THE number of people keeping exotic pets is on the rise, but could you be living next door to one of the world's deadliest animals?


Nearly 4,000 dangerous wild animals are kept as pets in the UK - including two in Dorset - a figure that has been steadily rising since the turn of the millenium. 

There has been a 59 per cent increase in exotic pet ownership since 2000 which has led to animal rights charities calling for an immediate overhaul of current legislation.

The research reviewed the number of Dangerous Wild Animal (DWA) Act licences granted by local authorities in 2020 across England, Scotland and Wales, and the variety of species being privately kept.

What exotic animals are kept as pets in Dorset?

Local authorities in Dorset revealed that the licences granted cover two Spectacled caiman - also known as the common caiman, these crocodilians are classified as 'dangerous reptiles'.

Bournemouth Echo:

Two spectacled caiman are being kept in Dorset - By Keven Law

They have a spectacle-like ridge between their eyes, which is where its name comes from and a total of 72-76 teeth.

Adult males can grow from 6.5 to eight feet in total length and they have a reputation for being particularly aggressive.

According to it is much harder to end up with a tame spectacled caiman, and most adults become quite difficult to handle.

What other exotic animals are kept in the UK?

Shockingly, the entire combined data across all authorities highlighted that a total of 210 DWA licences were granted for the keeping of 3,951 individual wild animals including:

●        320 wild cats (including 61 big cats – 11 lions, eight tigers, 11 leopards, 18 pumas, 10 cheetahs, two ligers and one jaguar)

●        274 primates (including more than 150 lemurs)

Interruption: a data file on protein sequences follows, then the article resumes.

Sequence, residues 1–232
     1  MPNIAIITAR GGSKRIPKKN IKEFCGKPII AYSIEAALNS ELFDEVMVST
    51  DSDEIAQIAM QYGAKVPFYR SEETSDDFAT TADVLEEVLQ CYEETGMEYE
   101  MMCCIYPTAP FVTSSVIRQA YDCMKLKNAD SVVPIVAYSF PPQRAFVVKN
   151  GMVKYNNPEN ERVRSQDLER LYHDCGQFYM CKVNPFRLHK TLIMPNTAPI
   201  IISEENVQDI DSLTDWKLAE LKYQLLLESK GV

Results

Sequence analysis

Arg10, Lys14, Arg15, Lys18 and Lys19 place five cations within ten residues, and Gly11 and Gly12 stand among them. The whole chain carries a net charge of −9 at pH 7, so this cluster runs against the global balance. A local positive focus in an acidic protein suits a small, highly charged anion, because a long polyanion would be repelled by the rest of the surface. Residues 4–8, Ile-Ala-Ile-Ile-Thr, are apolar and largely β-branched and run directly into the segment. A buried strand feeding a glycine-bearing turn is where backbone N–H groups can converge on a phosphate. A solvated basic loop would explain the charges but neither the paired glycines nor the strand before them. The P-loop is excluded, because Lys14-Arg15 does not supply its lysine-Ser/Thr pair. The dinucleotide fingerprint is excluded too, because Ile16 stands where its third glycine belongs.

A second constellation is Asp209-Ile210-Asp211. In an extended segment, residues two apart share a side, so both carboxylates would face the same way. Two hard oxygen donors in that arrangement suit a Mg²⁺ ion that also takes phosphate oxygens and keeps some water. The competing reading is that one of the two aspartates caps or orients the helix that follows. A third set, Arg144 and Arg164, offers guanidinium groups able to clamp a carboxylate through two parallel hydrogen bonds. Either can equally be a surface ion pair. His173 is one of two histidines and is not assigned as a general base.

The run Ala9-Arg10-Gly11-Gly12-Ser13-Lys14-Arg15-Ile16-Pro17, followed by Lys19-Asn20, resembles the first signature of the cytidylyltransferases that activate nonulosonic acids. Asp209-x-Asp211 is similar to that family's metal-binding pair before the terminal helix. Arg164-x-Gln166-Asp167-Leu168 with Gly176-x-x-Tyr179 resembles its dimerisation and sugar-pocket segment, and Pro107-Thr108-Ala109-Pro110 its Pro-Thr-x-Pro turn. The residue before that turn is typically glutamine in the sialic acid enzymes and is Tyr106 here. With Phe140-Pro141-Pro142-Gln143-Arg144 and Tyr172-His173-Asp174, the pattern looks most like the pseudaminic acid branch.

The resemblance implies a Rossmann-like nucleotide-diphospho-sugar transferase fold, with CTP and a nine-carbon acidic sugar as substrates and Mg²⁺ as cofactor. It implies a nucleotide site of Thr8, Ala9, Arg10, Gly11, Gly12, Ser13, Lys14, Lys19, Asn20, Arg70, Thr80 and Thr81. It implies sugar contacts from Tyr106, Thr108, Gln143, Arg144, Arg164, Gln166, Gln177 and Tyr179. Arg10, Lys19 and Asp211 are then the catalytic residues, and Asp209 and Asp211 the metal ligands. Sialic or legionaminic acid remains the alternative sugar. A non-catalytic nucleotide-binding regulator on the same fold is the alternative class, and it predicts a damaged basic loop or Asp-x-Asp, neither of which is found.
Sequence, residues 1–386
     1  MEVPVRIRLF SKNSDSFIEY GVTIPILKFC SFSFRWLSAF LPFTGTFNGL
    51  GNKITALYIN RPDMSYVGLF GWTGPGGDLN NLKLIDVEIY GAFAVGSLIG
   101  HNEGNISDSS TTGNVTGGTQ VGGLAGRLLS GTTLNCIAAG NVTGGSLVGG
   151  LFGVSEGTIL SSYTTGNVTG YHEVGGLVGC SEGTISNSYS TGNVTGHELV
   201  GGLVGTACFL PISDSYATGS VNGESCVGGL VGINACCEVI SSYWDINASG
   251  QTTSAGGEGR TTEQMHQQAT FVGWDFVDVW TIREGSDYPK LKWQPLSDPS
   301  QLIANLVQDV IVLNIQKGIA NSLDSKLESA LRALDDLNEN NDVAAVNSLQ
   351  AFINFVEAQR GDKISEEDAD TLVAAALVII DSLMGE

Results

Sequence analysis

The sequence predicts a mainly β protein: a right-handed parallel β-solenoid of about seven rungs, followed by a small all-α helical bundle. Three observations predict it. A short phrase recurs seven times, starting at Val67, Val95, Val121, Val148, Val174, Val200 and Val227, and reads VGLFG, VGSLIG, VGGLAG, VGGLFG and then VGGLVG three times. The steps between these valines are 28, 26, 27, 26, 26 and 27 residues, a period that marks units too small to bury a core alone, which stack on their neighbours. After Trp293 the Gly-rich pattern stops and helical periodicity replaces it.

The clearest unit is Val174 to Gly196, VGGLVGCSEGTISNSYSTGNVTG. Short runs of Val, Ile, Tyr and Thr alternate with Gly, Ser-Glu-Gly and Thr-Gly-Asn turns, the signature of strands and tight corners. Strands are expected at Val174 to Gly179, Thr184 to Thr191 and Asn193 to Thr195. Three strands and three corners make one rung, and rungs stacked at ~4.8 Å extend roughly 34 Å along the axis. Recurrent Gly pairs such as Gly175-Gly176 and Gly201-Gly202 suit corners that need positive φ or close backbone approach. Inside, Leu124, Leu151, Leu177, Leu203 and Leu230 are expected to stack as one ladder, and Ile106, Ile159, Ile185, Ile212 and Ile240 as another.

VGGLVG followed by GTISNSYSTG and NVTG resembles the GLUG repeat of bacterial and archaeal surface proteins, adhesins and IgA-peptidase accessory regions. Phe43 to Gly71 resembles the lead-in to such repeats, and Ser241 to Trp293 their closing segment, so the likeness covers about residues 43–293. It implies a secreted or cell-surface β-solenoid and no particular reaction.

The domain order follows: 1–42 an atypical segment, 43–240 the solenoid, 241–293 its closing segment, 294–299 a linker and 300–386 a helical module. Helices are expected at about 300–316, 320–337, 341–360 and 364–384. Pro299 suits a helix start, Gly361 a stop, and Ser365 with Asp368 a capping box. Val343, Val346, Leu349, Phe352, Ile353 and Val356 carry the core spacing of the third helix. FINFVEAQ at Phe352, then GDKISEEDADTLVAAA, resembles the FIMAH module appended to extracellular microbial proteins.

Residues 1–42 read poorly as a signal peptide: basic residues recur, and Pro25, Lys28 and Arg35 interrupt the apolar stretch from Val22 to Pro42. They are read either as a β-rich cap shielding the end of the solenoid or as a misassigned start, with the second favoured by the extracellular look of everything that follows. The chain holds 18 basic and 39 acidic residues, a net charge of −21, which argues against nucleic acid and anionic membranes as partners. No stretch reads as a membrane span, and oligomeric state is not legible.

●        158 crocodilians

●        508 venomous snakes (including 57 diamondback rattlesnakes)

●        332 scorpions

●        106 venomous lizards

●        Two elephants

Bournemouth Echo:

More than 150 lemus are being kept in the UK - Born Free,  M Dooley.

Other species on the DWA list that are being kept as pets or in private collections in the UK include zebras, camels, fossa (a kind of civet), hyaena, sun bears, wolves, and otters.

Born Free have been collecting and analysing DWA data for more than 20 years and have seen a  dramatic increase in the number of exotic pets in private ownership, including a 94 per-cent increase in the number of venomous snakes, 57 per-cent increase in wild cats and 198 per-cent increase in crocodilians.

Dr Mark Jones, veterinarian and Born Free's head of policy, said:

"These figures are likely to represent only the tip of the iceberg.

"They only record those animals being kept and registered with a DWA licence. Born Free believes that many additional dangerous wild animals are being kept without a licence.”

What does the current legislation state?

Currently, under the Dangerous Wild Animals Act 1976, anyone in Britain can keep a dangerous wild animal as long as they obtain a licence from their local authority.

The licencing process requires the applicant to demonstrate that their animals are properly contained so as to prevent escape and protect the public, but this does little to ensure the welfare of the animals or the protection of the owner or anyone else visiting the property.

While changes have been made to the schedule, Born Free is highlighting the fact that the Act itself has not been reviewed substantially for more than 40 years.

There is long-standing concern about widespread non-compliance with the Act, especially with respect to venomous reptiles and invertebrates.

Dr Jones said:

"Increasing demand for all kinds of wild animals as exotic pets puts owners and the wider public at risk of injury or disease.

"It also results in serious animal suffering, and the demand increases the pressure on many wild populations which are often already under threat.”

Have their been any horror stories in the UK?

Bournemouth Echo:

Eight tigers are being kept in the UK as pets (Born Free)

Just last year a hybrid Savannah cat escaped in Hampstead, London. 

Plus a seven-foot-long Boa constrictor appeared in someone’s back garden and then turned on its rescuer biting his hand and wrapping itself around his wrist on the Isle of Sheppey.

There have been other horror stories where a woman was bitten in the eye by a python at a Mayfair club and almost blinded, while a man in Hampshire was killed by his 8ft African rock python.

Records held by the RSPCA report that their specially-trained exotics officers rescued over 4,000 exotic animals in 2018 alone. Due to the nature of the animals, most owners fail to report escapes or attacks for fear of the animal being removed or their licence revoked. 

Dr Jones said: "The Dangerous Wild Animals Act should be overhauled as a matter of urgency, in order to phase-out the private keeping of and trade in those species that clearly don’t belong in people’s homes."